Will other states heed? People are far less interested in stopping to consider such evidence than in beating the drum even louder in the march for social change.

We see this tendency throughout society. Our world is changing fast. We are enamored with change—the faster the better. We are updating technology, embracing innovation and novelty, discarding yesterday’s model, dismantling social norms, tearing down statues, revising curricula, rewriting laws—even redefining marriage and family, reinventing sex and gender—all at a lightning pace.

More and more people are as high on the spirit of revolution as Coloradan teens are on weed. And more and more people assume all change is good. (After all, that’s the direction that evolution moves, right? Given enough millions of years, single-celled bacteria can evolve into a wealthy cannabis retail entrepreneur.)

They are simply shutting their eyes to the actual effects of all these changes.

In so many cases, the consequences are demonstrably, provably terrible. The changes supposedly intended to make us safer, more capable, more inclusive, more enlightened, more tolerant and loving, more morally pure—are actually making us dumber, angrier, more at risk, more confused, more divided, more selfish and isolated and spiritually adrift. And then, in far too many cases, if people are willing to acknowledge the increase in problems at all, they convince themselves that the solution is to keep doing more of what they’re already doing.

Ever notice that? Once we make a change, we never stop and take a step back after the evidence shows it was a mistake. Don’t expect laws against marijuana to return in light of Colorado’s problems.

This is why conservatism is so prudent. Conservatism essentially says, be very careful about change. Don’t assume your “solution” won’t come with its own problems.

This simple, profound wisdom is embedded within Proverbs 22:28: “Remove not the ancient landmark, which thy fathers have set.” It is a basic principle of conservatism. Those boundaries were put there for a reason—maybe many reasons. Respect them. Don’t discard them cavalierly and assume everything will work out.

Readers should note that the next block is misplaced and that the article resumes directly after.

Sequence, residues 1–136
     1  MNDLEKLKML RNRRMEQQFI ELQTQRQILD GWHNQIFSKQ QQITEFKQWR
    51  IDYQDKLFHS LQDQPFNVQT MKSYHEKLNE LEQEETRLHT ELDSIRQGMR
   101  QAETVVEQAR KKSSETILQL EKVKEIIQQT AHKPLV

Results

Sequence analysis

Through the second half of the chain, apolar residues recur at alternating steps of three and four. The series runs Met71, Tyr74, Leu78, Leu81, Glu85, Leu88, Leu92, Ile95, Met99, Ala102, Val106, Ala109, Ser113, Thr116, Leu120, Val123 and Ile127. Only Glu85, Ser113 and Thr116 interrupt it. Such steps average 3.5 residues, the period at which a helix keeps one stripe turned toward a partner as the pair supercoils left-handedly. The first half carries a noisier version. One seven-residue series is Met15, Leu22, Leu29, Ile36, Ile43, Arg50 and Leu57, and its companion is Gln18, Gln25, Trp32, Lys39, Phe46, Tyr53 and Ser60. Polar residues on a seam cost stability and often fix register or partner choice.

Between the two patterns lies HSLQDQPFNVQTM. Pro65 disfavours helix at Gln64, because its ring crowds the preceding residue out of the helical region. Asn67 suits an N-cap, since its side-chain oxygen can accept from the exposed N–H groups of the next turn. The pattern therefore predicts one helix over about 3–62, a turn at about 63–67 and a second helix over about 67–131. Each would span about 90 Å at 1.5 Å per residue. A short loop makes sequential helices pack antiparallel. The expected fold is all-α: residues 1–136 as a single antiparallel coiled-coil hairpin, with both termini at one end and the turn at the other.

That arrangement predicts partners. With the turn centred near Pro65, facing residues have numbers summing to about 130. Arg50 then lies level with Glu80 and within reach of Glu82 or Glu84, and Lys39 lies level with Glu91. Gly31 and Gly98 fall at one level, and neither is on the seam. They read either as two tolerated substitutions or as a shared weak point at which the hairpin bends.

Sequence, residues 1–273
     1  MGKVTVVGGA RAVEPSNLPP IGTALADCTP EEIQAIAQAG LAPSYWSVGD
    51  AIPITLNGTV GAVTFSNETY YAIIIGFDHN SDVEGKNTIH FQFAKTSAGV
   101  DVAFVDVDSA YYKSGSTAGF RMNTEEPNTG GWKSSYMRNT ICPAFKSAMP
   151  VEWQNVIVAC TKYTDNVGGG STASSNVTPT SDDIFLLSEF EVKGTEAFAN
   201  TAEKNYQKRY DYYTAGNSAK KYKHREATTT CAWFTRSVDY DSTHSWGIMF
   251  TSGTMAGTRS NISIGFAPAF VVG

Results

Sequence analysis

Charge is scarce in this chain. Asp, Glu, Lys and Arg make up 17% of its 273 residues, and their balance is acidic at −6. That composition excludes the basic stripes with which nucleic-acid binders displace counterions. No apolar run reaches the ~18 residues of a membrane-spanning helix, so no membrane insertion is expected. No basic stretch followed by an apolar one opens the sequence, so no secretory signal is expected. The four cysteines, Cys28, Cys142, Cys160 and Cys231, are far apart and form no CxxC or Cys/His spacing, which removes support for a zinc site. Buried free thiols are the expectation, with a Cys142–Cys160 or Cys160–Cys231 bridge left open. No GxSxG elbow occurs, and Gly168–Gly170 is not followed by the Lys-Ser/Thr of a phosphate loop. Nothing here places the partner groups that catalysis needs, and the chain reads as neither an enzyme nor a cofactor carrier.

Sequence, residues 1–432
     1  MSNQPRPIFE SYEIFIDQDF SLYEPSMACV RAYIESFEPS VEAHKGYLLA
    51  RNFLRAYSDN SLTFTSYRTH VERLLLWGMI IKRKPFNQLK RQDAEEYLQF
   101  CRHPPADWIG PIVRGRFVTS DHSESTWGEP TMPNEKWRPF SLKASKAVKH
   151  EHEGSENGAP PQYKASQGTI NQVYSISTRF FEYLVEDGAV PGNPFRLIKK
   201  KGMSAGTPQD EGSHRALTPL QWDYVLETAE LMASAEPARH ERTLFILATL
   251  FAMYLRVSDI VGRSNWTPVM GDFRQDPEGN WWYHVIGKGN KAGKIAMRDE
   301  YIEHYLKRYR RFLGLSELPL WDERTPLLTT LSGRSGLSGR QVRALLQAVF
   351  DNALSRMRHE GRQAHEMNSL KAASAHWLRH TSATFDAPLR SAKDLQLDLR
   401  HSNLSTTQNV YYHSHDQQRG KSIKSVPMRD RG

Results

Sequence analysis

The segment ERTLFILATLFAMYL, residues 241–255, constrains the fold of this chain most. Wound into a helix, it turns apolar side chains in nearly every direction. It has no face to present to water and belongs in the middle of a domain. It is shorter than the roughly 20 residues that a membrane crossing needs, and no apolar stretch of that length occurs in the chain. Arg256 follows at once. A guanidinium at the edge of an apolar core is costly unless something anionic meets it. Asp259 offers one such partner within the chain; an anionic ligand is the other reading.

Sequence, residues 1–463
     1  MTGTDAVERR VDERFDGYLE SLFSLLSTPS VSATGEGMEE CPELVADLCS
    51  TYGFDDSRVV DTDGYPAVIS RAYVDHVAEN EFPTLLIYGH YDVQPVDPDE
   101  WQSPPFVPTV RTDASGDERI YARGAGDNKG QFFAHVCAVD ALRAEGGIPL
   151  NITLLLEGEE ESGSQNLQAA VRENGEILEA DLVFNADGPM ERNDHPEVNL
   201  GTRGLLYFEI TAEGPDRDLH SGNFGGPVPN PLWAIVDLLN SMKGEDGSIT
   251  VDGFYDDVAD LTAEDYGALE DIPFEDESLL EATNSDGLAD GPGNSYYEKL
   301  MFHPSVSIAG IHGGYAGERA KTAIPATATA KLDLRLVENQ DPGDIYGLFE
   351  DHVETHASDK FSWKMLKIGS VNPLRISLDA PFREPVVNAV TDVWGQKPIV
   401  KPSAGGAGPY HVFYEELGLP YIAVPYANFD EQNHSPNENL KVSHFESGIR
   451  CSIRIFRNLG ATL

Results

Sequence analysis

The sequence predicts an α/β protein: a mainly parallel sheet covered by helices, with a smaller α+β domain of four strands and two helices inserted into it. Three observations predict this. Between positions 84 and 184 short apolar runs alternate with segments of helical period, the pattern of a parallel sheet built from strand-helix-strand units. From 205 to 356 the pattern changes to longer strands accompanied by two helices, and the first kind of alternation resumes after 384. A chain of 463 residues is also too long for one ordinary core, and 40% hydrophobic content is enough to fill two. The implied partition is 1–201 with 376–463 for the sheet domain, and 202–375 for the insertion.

Modern society is removing the ancient landmarks with impunity. Convinced of the superiority of our own intelligence, we are vigorously discarding hard-earned knowledge and divinely revealed wisdom. Thus, our only remaining means of learning anything is through agonizing trial and error. Yet even then, too often we stupidly refuse to acknowledge the errors we committed in those trials.

Our leaders are “like them that remove the bound” (Hosea 5:10)—leaving us without boundaries, without restraints. We have eliminated the line between good and evil, and now we can’t even tell the difference between the two.

Read Gerald Flurry’s 2001 booklet No Freedom Without Law. It is more relevant than ever, given our society’s increasingly mad pursuit of freedom in lawlessness. Colorado’s post-legalization woes are just a single example of the messes we are getting ourselves into because of this foolish approach.

When we refuse to learn the lessons of our own folly, we leave God no choice but to intensify the correction. “Therefore,” He says at the end of that verse, “I will pour out my wrath upon them like water. … I will go and return to my place, till they acknowledge their offence, and seek my face: in their affliction they will seek me early” (verses 10, 15).

If we were wise, we would avoid a whole lot of affliction by acknowledging our offense much, much earlier.